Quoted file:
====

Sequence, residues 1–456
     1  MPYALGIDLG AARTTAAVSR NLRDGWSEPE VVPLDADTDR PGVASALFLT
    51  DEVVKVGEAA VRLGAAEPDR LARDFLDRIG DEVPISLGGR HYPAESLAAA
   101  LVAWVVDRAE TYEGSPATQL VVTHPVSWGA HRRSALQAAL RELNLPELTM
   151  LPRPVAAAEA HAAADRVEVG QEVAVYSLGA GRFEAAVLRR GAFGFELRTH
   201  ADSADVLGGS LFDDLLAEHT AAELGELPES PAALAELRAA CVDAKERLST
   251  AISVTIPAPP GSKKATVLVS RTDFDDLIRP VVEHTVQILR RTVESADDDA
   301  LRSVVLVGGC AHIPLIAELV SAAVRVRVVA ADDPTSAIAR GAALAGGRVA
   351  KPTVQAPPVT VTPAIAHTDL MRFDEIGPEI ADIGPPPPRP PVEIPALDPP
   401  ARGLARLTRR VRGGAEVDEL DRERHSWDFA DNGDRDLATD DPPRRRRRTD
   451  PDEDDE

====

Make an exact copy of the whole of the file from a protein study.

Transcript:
Sequence, residues 1–456
     1  MPYALGIDLG AARTTAAVSR NLRDGWSEPE VVPLDADTDR PGVASALFLT
    51  DEVVKVGEAA VRLGAAEPDR LARDFLDRIG DEVPISLGGR HYPAESLAAA
   101  LVAWVVDRAE TYEGSPATQL VVTHPVSWGA HRRSALQAAL RELNLPELTM
   151  LPRPVAAAEA HAAADRVEVG QEVAVYSLGA GRFEAAVLRR GAFGFELRTH
   201  ADSADVLGGS LFDDLLAEHT AAELGELPES PAALAELRAA CVDAKERLST
   251  AISVTIPAPP GSKKATVLVS RTDFDDLIRP VVEHTVQILR RTVESADDDA
   301  LRSVVLVGGC AHIPLIAELV SAAVRVRVVA ADDPTSAIAR GAALAGGRVA
   351  KPTVQAPPVT VTPAIAHTDL MRFDEIGPEI ADIGPPPPRP PVEIPALDPP
   401  ARGLARLTRR VRGGAEVDEL DRERHSWDFA DNGDRDLATD DPPRRRRRTD
   451  PDEDDE